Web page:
Showing posts with label Breath Mints. Show all posts
Showing posts with label Breath Mints. Show all posts

Jul 4, 2012

Origin of Breath Mints

Bad breath in ancient Egypt often was a symptom of poor dental health. Seems the stones they used to grind flour for bread contributed a lot of sand and grit to their diet, which wore down tooth enamel to expose the pulp of the tooth and making it vulnerable to infection.

The Egyptians didn't have dentists to fix their deteriorating teeth and gums. Instead, they simply suffered, and scientists who examined mummies have found severely worn teeth and evidence of abscesses, even in youthful Egyptians. To cope with the unpleasant odors from their rotting mouths, Egyptians invented the first mints, which were a combination of frankincense, myrrh and cinnamon boiled with honey and shaped into pellets.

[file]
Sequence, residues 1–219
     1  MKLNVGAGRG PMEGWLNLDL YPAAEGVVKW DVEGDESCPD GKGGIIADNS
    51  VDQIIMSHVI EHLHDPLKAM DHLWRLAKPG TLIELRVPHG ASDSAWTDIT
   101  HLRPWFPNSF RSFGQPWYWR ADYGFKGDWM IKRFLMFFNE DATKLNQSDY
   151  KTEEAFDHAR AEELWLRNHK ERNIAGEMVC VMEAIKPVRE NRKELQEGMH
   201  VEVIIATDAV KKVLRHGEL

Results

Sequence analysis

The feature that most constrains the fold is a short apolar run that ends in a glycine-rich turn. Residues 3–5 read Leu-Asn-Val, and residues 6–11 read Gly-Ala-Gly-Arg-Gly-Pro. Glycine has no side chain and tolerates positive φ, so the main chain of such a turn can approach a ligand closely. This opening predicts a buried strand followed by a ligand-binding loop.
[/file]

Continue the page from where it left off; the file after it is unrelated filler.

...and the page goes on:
Archaeologists also found toothpicks buried alongside mummies, apparently placed there so that they could clean food debris from between their teeth in the afterlife. Along with the Babylonians, they're also credited with inventing the first toothbrushes, which were frayed ends of wooden twigs.

The Egyptians also contributed toothpaste. Early ingredients included the powder of ox hooves, ashes, burnt eggshells and pumice. They also found what appears to be a more advanced toothpaste recipe and how-to-brush guide written on papyrus that dates back to the Roman occupation in the fourth century A.D. It explains how to mix precise amounts of rock salt, mint, dried iris flower, and grains of pepper, to form a "powder for white and perfect teeth"